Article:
Keys to Victory for the Cardinals
If the Cardinals want to take this series, they need to get to the San Francisco bullpen as soon as possible. Although the Giants' relievers had only a 3.01 ERA during the regular season, they had the third-lowest Wins Above Replacement (WAR) on Fangraphs for the season. They didn't strike out a lot of guys, and opposing batters had an unsustainably-low .256 batting average on balls in play (BABIP).
That over-performance finally regressed in the NLDS.
The Giants' pen allowed at least a run in every game except for one; of course, that was the 18-inning affair where they allowed two hits in 10.2 innings. You could say that was an okay performance, I guess. But the other games have to make you worry at least a little bit.
Over their other 8.2 innings, the bullpen had a 4.15 ERA. This is a small sample size, but it's one that's backed up by what the numbers said would happen during the regular season. The Cards need to get the starters out of the game as soon as possible. The best way to do so is by accomplishing the second key.
What the Cardinals need to do to get past the Giants is just flood the basepaths. This is something they did well during the regular season, finishing fifth in the N.L. in on-base percentage. It's hard to count on the power onslaught the Cards experienced against the Dodgers, so getting as many guys on as possible is the best way to counteract that.
Once they do, let those with high slugging percentages like Jhonny Peralta, Matt Holliday and Matt Adams drive them home. They were the only 3 players with slugging percentages above .400, but each of them was north of .440. They just need someone to bring home. That all starts with just getting on base, making those starters throw an excess of pitches, and forcing Bruce Bochy to go the questionable bullpen.
Keys to Victory for the Giants
The Giants' keys may be a bit more complex and scientific than "get to the bullpen" and "flood the basepaths." They need to clone Buster Posey. Anything short of that exhibits a total lack of effort.
Posey picked up where he left off at the end of the regular season. He has hit .391 with a .440 on-base percentage so far in the playoffs. This is not a shock, considering he was back in MVP form the last two months of the year. But now they need two Buster Poseys hitting in front of him to set the table.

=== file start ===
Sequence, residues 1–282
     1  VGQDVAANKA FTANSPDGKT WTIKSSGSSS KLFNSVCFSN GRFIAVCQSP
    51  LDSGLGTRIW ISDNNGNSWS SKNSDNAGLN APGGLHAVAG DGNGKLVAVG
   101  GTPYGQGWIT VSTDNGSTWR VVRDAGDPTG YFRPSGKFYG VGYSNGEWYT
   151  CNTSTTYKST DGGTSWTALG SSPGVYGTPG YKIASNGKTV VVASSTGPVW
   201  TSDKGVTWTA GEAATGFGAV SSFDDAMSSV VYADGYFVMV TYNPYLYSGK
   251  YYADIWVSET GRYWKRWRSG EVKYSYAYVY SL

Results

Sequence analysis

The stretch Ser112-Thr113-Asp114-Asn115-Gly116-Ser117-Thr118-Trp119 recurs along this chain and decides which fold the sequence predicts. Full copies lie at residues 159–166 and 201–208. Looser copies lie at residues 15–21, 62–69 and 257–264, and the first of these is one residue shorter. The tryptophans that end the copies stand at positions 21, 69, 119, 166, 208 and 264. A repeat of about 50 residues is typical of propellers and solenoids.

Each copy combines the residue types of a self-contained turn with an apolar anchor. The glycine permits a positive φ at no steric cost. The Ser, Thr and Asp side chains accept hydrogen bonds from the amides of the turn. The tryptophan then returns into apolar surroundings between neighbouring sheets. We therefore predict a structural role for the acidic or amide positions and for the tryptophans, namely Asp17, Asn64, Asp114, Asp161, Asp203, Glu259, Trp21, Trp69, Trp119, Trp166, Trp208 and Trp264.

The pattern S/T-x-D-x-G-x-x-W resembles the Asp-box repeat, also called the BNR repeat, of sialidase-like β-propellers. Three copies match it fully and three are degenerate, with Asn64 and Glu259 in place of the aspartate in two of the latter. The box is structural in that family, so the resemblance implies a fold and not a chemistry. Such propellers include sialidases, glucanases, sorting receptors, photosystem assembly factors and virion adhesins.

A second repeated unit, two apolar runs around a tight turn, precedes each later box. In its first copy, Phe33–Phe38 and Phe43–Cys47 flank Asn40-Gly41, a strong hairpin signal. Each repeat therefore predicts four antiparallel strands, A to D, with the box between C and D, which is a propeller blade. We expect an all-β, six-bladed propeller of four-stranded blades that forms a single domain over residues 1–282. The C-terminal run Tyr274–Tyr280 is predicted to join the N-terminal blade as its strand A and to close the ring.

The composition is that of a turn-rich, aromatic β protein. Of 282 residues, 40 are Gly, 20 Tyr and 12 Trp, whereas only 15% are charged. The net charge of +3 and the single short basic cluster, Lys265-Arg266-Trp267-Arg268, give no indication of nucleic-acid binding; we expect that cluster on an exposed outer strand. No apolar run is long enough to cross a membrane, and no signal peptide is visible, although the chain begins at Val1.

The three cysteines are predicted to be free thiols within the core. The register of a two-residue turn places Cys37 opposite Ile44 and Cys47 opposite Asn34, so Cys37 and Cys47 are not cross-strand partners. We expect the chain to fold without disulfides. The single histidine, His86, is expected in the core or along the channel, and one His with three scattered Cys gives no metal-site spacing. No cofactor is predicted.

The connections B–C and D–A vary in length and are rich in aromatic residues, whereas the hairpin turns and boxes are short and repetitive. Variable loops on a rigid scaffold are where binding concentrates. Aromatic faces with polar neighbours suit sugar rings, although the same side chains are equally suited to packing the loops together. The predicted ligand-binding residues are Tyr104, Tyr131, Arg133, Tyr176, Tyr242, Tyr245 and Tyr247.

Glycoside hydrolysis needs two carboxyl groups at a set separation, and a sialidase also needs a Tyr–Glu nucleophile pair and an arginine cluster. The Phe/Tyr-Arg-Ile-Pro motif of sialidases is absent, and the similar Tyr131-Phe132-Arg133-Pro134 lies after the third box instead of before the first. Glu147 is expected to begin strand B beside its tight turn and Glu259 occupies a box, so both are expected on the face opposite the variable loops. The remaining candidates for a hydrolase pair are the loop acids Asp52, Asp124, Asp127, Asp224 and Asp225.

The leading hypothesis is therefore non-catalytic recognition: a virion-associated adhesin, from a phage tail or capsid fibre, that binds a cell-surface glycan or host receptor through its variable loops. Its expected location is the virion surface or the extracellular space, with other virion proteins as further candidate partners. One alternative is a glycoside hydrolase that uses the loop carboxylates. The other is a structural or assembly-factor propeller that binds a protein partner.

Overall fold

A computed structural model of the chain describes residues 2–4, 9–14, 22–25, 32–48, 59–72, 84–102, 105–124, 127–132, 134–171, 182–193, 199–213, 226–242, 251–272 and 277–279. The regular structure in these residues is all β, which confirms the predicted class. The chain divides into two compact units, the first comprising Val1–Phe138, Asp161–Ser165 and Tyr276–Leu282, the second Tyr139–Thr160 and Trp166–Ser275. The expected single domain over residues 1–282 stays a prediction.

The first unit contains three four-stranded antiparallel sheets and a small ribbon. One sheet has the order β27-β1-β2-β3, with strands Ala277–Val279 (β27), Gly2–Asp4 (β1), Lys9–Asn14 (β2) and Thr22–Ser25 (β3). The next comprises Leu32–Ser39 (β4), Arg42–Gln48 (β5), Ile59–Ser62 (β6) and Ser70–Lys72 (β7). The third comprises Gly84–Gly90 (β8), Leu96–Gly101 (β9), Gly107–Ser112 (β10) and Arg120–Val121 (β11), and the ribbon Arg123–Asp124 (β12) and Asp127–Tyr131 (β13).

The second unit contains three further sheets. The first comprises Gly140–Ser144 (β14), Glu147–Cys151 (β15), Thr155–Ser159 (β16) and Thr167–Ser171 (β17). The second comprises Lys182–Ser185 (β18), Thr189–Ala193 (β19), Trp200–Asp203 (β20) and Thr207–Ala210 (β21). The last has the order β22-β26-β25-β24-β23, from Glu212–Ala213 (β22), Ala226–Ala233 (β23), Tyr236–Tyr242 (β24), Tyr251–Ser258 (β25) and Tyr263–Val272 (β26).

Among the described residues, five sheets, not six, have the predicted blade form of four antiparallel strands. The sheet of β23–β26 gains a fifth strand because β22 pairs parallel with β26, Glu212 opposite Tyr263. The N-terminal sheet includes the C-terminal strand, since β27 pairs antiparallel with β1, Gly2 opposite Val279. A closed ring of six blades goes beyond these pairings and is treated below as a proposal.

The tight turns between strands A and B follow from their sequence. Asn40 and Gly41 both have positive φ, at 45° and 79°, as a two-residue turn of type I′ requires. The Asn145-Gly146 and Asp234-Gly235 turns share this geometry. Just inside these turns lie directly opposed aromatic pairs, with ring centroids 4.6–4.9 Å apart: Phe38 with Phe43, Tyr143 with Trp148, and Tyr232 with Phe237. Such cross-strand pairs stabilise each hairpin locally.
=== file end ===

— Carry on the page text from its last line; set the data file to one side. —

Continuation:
The sum of the on-base percentages of the two guys ahead of Posey, Gregor Blanco and Joe Panik, was just .450 - barely larger than Posey's .440 mark. Blanco had a .333 on-base percentage in the regular season, and Panik was at .343. They will need to be around those marks to give Posey chances to drive in some runners. And they are going to need those runs.
With the Giants, the rotation scares me a bit. The aforementioned Peavy, Hudson and Vogelsong, who pitched so well in the Divisional Series, are a combined 109 years old. This would be largely irrelevant if it weren't for the struggles these three guys have had once they get past the fifth inning.
Tim Hudson allowed 15 earned runs in his 20.2 innings he has thrown in the 6th this year for an ERA of 6.53. Vogelsong has a 7.40 ERA in the same number of innings. Peavy has a 3.21 ERA in the 6th, but that follows a 5th inning in which he has a 5.17 ERA and precedes the 7th where his ERA spikes to 7.62.
With the bullpen issues I talked about earlier, that would scare me if I were a Giants fan once it got past Bumgarner. The Giants, even with their bullpen struggles, need to be quick on the trigger. If that means bringing in Yusmeiro Petit in the fifth, great. I'd much rather see a fresh version of him out there than a gassed Voggy.
With all things taken into account, numberFire's projections give the Giants a 55.07 percent chance of taking the series. Assuming the top of the order gets in order to set the table for Posey and Hunter Pence, then this is the way that I would lean as well.
At the same time, this does leave 44.93 percent odds that the Cardinals will pull off the improbable again. There is a 31.29 percent chance that the game goes seven games, which is one cause which we can all get behind.